By Shawn Chitnis

DENVER (CBS4) – Artist Duke Beardsley’s latest exhibition “Invasive Splendor” opens this month exploring the history of his upbringing and the direction it’s taking. He hopes it can showcase the bridge between urban and rural as well as modern and traditional in both his art and life.

Duke Beardsley gives a tour of his new art exhibit 'Invasive Splendor' at the Space Gallery Annex in Denver.

Duke Beardsley gives a tour of his new art exhibit ‘Invasive Splendor’ at the Space Gallery Annex in Denver. (credit: CBS)

“Do we own it? That’s a big question I’ve been asking myself lately,” said Beardsley. “Who really does own the West? Who really does belong here?”

Paintings and screen prints made in the last six months have taken over the Space Gallery Annex in Denver’s Baker neighborhood. His work celebrating western icons will showcase classic symbols while also emphasizing unexpected images of the region. Beardsley’s family has a history of ranching and working in the West, living much of his life in Denver.

“I grew up in two worlds,” he told CBS4 on Wednesday. “We’re kind of the urban epicenter of the West.”

(credit: CBS)

He says the contrast between the city and the county influenced his upbringing and now he sees it coming together in his work. It is happening at a time where more people are moving to this part of the country and his home is getting more attention than before. Beardsley notes that not only is there a huge population growth but there is also a higher demand for resources and space, all impacting the culture.

“Whether you came here five minutes ago or 120 years ago. We all belong here,” he said. “It’s a very different time in the West than it has ever been before.”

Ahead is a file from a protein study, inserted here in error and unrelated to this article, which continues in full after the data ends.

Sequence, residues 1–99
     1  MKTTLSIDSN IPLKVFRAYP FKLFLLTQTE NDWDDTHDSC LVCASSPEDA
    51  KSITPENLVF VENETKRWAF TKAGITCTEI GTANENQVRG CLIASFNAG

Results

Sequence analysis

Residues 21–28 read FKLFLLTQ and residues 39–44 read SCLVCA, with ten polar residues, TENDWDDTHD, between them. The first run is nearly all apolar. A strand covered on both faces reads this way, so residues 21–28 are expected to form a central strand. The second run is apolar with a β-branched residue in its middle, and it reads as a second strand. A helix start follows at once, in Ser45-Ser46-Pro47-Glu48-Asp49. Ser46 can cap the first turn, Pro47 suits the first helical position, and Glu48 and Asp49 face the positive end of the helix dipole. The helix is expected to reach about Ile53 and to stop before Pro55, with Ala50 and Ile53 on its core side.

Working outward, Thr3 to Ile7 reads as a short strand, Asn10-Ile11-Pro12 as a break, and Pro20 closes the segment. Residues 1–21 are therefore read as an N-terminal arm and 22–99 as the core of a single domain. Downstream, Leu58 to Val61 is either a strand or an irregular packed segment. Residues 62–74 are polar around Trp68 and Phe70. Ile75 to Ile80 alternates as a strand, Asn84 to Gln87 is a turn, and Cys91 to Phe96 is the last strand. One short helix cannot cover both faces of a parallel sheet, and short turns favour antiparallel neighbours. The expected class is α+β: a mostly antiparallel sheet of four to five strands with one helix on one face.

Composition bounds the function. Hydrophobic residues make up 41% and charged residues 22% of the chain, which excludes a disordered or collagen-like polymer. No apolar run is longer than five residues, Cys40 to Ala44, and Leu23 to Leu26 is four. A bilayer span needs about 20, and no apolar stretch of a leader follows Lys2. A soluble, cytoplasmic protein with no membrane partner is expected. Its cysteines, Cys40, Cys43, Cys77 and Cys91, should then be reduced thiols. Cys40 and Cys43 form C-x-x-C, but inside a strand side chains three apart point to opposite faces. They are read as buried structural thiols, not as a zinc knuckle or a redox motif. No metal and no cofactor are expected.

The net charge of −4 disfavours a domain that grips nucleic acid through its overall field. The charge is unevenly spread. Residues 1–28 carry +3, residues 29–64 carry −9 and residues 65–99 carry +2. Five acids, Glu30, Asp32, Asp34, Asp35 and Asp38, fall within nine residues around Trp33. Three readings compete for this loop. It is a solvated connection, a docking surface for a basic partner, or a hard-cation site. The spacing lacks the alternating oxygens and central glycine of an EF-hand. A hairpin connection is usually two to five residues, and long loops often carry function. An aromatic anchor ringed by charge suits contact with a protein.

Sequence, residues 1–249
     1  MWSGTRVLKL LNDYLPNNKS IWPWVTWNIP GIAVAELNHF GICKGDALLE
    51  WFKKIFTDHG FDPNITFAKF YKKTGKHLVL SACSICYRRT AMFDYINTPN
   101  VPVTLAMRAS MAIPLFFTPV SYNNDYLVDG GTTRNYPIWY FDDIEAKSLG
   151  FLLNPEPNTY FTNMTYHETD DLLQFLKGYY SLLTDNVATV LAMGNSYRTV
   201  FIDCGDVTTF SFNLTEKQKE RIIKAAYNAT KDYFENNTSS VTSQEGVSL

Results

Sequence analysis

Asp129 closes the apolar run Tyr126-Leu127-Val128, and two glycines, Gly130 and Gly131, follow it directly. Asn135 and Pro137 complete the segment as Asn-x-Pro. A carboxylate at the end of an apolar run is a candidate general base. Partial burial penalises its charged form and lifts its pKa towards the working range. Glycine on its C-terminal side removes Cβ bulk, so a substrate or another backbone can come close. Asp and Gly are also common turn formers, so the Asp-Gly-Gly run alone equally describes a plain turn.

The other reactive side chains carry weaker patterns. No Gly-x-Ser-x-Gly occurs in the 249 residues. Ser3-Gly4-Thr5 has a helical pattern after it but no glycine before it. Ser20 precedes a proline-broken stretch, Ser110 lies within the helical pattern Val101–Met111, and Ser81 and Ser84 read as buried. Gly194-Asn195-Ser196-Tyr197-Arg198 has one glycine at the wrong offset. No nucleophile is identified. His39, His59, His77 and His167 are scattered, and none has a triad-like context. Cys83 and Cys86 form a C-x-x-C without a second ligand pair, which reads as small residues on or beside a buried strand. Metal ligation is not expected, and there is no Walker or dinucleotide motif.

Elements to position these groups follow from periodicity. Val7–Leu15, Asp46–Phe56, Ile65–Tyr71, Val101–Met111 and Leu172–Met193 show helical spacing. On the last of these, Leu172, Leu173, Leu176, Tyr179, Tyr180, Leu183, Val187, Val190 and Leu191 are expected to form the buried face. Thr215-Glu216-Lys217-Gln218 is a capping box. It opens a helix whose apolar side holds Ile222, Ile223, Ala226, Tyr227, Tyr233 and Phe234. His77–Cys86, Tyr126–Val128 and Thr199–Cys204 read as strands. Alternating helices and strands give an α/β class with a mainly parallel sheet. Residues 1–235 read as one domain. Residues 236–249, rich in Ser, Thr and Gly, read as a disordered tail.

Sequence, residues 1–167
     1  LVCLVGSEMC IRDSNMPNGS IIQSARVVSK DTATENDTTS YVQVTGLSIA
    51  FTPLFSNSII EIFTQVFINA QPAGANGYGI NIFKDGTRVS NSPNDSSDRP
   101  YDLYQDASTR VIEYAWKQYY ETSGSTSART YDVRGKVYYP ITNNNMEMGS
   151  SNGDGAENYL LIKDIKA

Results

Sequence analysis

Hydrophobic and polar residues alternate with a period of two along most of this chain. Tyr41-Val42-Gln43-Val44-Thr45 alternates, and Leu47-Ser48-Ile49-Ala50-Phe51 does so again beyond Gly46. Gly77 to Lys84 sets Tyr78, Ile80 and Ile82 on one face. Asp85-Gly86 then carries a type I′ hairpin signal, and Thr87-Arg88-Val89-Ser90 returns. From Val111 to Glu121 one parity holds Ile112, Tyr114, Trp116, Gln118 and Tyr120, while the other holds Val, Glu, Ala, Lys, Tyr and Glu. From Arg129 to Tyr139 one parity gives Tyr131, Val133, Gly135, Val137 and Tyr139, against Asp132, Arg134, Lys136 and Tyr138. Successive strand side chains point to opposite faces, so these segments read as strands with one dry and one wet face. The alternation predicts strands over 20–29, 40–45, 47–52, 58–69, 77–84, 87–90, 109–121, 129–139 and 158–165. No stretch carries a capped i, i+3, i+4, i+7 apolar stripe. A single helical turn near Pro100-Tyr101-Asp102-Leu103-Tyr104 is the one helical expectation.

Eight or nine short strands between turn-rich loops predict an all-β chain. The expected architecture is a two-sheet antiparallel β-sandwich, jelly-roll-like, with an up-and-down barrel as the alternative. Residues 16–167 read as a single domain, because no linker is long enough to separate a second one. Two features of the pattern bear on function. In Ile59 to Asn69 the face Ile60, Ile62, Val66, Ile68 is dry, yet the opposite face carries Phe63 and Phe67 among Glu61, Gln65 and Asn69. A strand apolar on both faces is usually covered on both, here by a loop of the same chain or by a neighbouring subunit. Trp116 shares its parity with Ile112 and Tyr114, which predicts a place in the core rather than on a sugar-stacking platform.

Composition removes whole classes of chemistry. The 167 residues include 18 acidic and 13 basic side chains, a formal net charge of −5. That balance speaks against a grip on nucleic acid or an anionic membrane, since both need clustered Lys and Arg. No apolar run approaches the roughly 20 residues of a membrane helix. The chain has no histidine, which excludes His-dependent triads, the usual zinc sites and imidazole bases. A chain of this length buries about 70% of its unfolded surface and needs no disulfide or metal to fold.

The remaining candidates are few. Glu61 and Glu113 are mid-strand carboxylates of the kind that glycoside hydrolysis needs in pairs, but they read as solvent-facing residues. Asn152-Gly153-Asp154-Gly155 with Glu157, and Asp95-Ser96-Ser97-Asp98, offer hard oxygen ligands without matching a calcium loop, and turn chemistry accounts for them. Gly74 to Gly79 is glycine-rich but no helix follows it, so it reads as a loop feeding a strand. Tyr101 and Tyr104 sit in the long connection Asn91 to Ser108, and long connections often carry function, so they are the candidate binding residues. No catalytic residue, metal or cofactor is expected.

(credit: CBS)

The work on display in the gallery includes the style he is known for, an outline of a cowboy riding on a horse but also some of the plants local to the region. The subjects he paints like cowboys, cowgirls, and horses; he knows personally. But while he appreciates the global recognition they get as western icons, he says the plants should be up there with them.

“The true western natives, the true western icons,” Beardsley said of the plants. “They were here before us, they will be here after us.”

The solo exhibition is another opportunity for his style of art to go before the public. Beardsley says he has idolized those before him in this genre, who were masters in the field. But he believes there has never been a better time than now to see it take center stage.

“Western art has not received the recognition it deserves,” he said. “It’s an important voice in an important region.”

As a resident of the city and someone who also lives on a ranch, he is inspired by those two scenes mixing just as he does with his art. He believes whether you are a native or new to the region, you belong.

His exhibition will be on display at the gallery located on 95 S. Cherokee Street until Nov. 30. It is open Thursdays and Fridays from 11 a.m. to 5 p.m. and Saturdays from 10 a.m. to 3 p.m.

“If you’re here and you’ve decided to make this your home, you’re part of it,” Beardsley said. “The west is you and you are the west so I like the idea that we’re all in this together.”


Shawn Chitnis


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